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?The picture was taken at Pittsburgh's Three Rivers Stadium three hours after the Steelers-Bengals game of Sept. 19. Heinz Kluetmeier, the photographer, had some difficulty acquiring the principal prop. Says Kluetmeier: "The Steelers' p.r. director, Joe Gordon, and I went looking for a football, but the stadium was pretty empty and no one had a key to the equipment room. So we searched lockers, coaches' offices, stacks of boxes, but we couldn't find a single football. Finally, we came across an old game ball in Chairman of the Board Art Rooney's office. It was already partly deflated, but I used a paper clip to let out more air, and took the picture." That "old game ball" on SI's cover was from Super Bowl X, in which Pittsburgh defeated Dallas 21-17 on Jan. 18, 1976.—ED.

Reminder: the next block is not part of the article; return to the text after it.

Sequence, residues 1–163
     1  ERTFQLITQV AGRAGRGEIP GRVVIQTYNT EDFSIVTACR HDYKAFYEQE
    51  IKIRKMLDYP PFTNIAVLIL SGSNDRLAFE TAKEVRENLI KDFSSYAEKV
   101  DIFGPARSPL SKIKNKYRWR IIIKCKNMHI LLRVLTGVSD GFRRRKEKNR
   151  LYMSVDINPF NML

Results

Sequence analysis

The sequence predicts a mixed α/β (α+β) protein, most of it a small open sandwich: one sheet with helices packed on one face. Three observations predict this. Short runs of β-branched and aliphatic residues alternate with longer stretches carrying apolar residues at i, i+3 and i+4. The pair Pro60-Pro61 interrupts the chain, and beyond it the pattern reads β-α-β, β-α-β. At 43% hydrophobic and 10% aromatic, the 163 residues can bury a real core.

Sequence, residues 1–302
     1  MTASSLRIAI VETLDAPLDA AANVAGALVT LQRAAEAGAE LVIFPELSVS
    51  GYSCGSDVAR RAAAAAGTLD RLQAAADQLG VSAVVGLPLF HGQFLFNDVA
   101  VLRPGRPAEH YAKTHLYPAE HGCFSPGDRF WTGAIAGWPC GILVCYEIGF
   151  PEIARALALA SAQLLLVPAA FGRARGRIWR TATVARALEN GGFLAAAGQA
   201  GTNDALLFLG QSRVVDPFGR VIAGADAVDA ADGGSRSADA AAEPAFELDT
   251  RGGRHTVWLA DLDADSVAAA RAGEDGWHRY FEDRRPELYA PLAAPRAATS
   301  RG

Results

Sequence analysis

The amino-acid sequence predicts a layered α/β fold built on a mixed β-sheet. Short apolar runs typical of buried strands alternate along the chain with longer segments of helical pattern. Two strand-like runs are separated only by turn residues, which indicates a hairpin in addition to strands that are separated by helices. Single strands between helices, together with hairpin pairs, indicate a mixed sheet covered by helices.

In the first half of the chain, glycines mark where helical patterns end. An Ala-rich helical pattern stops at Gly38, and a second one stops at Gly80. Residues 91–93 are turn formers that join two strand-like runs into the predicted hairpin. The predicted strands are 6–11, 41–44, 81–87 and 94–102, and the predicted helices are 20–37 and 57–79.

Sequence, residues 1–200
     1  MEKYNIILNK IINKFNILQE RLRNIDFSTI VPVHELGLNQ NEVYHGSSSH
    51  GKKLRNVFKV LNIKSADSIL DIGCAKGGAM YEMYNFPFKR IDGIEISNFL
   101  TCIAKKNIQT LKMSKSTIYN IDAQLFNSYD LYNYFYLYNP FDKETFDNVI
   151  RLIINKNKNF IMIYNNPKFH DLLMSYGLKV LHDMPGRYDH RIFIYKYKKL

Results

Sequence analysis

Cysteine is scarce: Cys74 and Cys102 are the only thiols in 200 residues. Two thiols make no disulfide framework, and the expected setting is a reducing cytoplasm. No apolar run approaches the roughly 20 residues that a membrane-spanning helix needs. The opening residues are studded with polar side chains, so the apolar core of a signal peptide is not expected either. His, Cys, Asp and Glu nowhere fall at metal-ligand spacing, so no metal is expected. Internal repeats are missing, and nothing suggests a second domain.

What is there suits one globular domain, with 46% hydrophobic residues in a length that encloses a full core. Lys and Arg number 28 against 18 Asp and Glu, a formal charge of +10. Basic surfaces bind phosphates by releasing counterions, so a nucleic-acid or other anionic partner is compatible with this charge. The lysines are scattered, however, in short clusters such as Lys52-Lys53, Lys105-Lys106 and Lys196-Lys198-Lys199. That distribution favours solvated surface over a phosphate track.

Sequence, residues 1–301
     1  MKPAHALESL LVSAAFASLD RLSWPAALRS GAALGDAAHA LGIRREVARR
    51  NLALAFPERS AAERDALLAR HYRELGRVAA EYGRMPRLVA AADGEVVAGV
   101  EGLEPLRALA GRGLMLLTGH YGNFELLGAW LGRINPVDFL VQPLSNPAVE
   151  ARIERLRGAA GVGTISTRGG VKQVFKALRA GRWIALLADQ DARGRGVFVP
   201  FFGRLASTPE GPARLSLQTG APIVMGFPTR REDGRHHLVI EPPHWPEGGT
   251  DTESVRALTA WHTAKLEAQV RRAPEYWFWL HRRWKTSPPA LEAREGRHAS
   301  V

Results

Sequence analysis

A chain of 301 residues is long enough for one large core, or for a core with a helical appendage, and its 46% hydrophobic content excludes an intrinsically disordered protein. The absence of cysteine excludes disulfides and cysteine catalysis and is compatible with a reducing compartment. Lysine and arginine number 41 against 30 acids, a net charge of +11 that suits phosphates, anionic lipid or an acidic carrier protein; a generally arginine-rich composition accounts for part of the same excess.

In the fifth grade, while preparing a report on Indiana, I came across some information from the state's Chamber of Commerce. It stated that in the 1800s, when a visitor knocked on the door of a settler, the occupant would inquire "Who's there?" which sounded like "Hoosier" when the farmer wasn't particularly drilled on pronunciation.
When I was an Alabama undergraduate in the early '20s, Tulane had a very strong football team called, then as now, the Green Wave. As I recall, after a victory by Alabama, a Birmingham sportswriter wrote: "Saturday the Green Wave of Tulane was completely engulfed by a tide of crimson-clad warriors."
You might also be interested in the nickname Million Dollar Band for the Alabama band that plays during halftime. During a game that the football team didn't play well, a sportswriter wrote: "While the football team did not look very good, the band looked like a million dollars."